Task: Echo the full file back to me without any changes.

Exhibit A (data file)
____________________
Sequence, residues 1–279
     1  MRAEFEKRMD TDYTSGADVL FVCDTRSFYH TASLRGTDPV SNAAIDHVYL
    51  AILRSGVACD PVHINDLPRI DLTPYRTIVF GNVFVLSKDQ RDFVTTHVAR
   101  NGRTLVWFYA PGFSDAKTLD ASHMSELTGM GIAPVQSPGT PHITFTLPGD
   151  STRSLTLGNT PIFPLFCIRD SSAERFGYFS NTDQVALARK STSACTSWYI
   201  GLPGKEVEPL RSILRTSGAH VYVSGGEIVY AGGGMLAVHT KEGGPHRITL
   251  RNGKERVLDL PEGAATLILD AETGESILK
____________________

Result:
Sequence, residues 1–279
     1  MRAEFEKRMD TDYTSGADVL FVCDTRSFYH TASLRGTDPV SNAAIDHVYL
    51  AILRSGVACD PVHINDLPRI DLTPYRTIVF GNVFVLSKDQ RDFVTTHVAR
   101  NGRTLVWFYA PGFSDAKTLD ASHMSELTGM GIAPVQSPGT PHITFTLPGD
   151  STRSLTLGNT PIFPLFCIRD SSAERFGYFS NTDQVALARK STSACTSWYI
   201  GLPGKEVEPL RSILRTSGAH VYVSGGEIVY AGGGMLAVHT KEGGPHRITL
   251  RNGKERVLDL PEGAATLILD AETGESILK